- Said by Mona to Terje when he's upset that they won't be recognized for their facilitation of the peace talks, or even be invited to the banquet after Israeli Prime Minister Yitzhak Rabin and and Palestinian Liberation Organization Chairman Yasser Arafat sign the Accords. Mona tells him it's enough to stand in the background and watch it happen — again, the Accords are more important than any one man's ego.
- Pippin: "Rivers belong where they can ramble. Eagles belong where they can fly."
- Ragtime: References to ragtime music. Doubles as a Title Drop.
- RENT: "I should tell you" for Mimi and Roger's relationship.
- Seussical: "Alone in the universe."
- "A big, bright beautiful world" in Shrek: The Musical.
- "And the boy/girl falls from the sky" in Spider-Man: Turn Off the Dark.
- Tanz Der Vampire: "Sei bereit!" ("Be prepared!")
- The Secret Garden: "Come spirit, come charm." "Come to my garden."
- In the absurdist play Waiting for Godot, by Samuel Beckett, the following snippet of dialogue recurs, almost as a refrain (and to punctuate the various ways the two find to pass the time):
Gogo: Let's go.
Didi: We can't.
Gogo: Why not?
Didi: We're waiting for Godot.
Gogo: Let's go.
Didi: Yes, let's go.
They do not move.
- Replete with them. "I'm/We're/You're unlimited" stands out. "You deserve each other" is also used quite frequently. Also, "a celebration throughout Oz / That's all to do with (me/you)."
- The words "wicked" and "good" themselves.
- Unity. Duty. Destiny.
- Any variation on "seven years ago" in Apollo Justice: Ace Attorney.
- Lampshaded in game: "Seven years... That phrase sure likes to pop up, doesn't it..."
- It pops up again in Dual Destinies, along with "The Dark Age of the Law" and "a third party".
- Likewise, DL-6 or "fifteen years ago" in the original, or any mention of Edgeworth in Justice for All.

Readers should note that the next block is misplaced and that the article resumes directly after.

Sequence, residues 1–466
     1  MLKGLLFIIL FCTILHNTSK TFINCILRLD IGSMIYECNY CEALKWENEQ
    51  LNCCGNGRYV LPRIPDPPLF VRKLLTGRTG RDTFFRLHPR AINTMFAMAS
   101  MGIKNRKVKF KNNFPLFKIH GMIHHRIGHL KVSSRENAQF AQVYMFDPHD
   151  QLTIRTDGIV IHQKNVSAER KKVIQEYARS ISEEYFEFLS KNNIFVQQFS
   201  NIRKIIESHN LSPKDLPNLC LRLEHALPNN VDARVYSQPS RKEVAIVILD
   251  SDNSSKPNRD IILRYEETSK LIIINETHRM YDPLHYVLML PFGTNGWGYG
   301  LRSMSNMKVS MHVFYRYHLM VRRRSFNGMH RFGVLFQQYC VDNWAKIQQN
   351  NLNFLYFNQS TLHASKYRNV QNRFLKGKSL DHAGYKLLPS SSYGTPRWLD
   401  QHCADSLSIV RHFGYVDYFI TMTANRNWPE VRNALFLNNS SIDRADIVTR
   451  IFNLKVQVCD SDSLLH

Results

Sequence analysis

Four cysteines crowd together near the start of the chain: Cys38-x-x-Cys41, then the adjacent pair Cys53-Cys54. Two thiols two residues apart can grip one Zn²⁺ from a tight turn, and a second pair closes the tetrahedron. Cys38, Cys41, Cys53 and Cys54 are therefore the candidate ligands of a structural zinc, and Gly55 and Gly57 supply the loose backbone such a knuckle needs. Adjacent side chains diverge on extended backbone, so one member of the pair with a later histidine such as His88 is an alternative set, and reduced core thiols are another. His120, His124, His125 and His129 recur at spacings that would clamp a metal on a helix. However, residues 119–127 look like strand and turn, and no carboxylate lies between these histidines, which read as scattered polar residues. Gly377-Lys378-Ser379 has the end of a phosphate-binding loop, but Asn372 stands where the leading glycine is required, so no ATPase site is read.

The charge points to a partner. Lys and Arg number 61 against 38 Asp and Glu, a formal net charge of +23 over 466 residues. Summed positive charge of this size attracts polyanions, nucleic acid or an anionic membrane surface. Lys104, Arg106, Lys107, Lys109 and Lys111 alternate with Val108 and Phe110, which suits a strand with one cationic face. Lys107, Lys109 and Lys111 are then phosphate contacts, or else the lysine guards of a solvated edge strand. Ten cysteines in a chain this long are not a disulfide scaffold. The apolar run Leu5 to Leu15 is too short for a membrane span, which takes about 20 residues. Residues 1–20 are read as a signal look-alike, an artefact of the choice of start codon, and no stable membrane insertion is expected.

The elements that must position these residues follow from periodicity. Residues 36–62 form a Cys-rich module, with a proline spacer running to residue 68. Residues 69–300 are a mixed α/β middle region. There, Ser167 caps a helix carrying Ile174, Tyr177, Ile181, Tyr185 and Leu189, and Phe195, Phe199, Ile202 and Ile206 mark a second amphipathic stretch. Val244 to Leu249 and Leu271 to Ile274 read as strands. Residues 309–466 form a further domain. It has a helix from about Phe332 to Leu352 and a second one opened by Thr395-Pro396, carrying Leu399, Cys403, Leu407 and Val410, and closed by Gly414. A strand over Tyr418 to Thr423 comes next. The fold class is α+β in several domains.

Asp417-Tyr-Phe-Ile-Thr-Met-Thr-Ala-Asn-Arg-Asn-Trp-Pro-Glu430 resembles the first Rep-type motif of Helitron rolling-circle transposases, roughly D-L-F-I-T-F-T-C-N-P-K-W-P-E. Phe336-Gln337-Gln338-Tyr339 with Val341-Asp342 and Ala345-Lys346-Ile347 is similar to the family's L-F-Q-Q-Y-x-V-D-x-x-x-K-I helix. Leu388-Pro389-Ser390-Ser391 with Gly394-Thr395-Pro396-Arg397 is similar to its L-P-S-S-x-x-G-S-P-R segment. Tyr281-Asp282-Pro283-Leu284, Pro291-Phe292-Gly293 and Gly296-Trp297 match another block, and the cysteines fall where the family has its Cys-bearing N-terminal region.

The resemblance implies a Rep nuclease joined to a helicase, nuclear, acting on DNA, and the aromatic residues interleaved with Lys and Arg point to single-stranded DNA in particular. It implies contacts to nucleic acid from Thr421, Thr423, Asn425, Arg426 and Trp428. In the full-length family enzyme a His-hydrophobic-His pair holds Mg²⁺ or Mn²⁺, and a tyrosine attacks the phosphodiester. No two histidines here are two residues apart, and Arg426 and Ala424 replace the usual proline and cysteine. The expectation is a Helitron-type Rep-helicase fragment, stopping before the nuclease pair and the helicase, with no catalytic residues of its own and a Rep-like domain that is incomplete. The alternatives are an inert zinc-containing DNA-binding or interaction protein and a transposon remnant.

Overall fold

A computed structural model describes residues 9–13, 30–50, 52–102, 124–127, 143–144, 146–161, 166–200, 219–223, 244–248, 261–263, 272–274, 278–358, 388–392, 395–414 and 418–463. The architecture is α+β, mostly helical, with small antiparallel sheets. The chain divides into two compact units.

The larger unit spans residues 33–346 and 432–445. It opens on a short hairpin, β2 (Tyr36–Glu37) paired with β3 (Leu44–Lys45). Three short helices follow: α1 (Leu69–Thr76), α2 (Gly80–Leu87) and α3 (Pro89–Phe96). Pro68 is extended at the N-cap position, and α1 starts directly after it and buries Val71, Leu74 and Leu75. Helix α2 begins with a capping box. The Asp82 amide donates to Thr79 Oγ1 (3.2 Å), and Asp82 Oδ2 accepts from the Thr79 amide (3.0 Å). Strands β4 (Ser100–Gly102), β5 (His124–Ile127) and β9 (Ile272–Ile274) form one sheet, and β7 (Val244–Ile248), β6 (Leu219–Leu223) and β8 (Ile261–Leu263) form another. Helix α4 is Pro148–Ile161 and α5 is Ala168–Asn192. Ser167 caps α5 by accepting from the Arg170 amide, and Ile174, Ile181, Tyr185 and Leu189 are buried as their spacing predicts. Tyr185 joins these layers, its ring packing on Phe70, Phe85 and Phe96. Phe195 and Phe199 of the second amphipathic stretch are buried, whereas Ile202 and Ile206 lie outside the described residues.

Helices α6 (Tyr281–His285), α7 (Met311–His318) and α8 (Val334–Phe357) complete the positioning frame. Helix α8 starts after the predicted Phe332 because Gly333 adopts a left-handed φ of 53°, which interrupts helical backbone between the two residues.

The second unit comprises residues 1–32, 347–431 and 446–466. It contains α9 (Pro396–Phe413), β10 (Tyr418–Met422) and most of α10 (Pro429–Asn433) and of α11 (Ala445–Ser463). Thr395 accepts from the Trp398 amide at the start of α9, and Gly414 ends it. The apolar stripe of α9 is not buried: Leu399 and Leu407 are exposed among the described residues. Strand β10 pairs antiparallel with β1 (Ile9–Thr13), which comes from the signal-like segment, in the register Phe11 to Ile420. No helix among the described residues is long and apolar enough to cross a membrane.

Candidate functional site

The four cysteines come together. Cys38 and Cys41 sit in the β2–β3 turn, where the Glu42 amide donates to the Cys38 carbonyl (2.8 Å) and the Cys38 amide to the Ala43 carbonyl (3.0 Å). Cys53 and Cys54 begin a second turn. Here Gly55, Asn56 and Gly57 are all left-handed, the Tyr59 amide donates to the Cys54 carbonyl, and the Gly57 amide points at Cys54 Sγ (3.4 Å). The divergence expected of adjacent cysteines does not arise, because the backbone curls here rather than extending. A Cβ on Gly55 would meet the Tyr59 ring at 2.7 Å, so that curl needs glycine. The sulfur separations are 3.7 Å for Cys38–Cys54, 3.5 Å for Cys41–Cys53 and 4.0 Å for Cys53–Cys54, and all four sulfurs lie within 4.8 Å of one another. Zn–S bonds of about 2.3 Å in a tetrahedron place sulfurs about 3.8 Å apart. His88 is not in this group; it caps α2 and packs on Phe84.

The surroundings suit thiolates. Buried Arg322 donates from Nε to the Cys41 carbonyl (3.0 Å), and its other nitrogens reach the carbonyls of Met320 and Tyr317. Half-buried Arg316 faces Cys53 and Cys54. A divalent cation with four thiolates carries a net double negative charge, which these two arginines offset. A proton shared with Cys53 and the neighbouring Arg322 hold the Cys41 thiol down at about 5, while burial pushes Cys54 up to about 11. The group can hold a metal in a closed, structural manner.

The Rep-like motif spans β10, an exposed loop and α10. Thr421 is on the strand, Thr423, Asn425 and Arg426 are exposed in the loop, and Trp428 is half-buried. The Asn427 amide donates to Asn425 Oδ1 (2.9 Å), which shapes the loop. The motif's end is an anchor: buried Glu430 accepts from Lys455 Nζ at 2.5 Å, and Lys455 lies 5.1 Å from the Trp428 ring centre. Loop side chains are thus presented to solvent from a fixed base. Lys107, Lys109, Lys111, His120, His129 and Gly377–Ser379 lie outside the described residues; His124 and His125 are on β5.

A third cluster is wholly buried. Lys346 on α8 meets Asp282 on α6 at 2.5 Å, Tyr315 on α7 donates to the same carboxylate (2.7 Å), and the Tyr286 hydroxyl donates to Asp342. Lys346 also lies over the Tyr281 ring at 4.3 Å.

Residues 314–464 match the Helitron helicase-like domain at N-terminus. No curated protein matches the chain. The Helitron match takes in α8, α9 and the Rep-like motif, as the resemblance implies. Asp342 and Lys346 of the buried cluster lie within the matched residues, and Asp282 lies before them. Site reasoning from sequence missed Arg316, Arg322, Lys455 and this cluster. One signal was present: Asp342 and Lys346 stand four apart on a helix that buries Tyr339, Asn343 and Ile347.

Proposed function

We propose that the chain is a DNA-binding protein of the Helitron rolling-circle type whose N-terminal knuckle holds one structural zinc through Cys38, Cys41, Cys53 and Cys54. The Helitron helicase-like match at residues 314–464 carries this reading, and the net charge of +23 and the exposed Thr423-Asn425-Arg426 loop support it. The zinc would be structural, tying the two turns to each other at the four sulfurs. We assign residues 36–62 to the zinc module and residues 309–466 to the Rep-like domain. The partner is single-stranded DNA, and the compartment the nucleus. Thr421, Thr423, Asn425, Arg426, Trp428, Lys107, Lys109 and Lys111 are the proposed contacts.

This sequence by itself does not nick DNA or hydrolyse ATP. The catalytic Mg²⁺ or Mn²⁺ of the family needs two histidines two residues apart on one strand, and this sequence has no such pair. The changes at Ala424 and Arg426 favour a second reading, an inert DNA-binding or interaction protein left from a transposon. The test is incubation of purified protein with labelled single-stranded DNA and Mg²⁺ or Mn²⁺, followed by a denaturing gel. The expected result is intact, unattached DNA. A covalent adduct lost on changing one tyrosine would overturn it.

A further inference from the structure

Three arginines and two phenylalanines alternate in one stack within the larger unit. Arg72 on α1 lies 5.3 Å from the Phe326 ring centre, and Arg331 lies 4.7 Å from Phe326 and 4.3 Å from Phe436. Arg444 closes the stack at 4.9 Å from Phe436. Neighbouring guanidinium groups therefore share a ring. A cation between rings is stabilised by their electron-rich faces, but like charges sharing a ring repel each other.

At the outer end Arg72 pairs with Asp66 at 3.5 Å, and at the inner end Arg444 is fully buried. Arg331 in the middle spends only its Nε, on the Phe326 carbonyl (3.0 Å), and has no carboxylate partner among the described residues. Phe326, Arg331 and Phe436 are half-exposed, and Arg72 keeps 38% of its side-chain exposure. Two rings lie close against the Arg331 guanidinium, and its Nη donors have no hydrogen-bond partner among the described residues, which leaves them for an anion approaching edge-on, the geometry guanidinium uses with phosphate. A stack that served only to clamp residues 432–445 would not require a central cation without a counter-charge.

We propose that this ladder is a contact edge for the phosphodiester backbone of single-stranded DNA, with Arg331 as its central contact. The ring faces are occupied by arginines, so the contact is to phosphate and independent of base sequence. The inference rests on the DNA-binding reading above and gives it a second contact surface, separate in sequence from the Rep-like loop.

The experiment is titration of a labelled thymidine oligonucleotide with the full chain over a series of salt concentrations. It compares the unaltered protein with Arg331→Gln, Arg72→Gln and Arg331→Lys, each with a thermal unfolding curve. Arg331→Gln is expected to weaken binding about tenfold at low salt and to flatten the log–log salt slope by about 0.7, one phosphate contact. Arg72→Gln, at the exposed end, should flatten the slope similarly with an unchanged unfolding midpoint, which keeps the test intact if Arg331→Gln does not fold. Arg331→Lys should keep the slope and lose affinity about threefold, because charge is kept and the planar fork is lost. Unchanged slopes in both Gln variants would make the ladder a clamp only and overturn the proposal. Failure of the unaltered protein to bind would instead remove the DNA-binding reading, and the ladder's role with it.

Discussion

- Really, the phrase "X years ago"(or for more recent events, "X months ago") comes up so often in Ace Attorney that it's almost surprising to come across a case that doesn't use it. Almost every game has at least one plot-relevant event that is referred to in terms of how many years before the game it took place.
- SL-9 takes this role in the first game's DS bonus case, Rise from the Ashes.
- "The only time a lawyer can cry is when it's all over" from the third game.
- "Proof of our friendship" from the third case of Dual Destinies.
- The final case of Spirit of Justice has "A dragon never yields!"
- The DLC case of Spirit of Justice has references to time travel. Ellen claims that her pendant caused her to travel back in time from when she was nearly murdered on her wedding day to just before the reception. Sorin's anterograde amnesia causes him to travel back in time to just after the accident in which he lost his sister. The true culprit, Sprocket family butler Pierce Nichody is also described as a "time traveler" stuck in the past.
- A series wide one is "The worst of times are when lawyers have to force their biggest smiles."
- Across the first and second games, "the biggest, most awful, most tragic event in all of human history".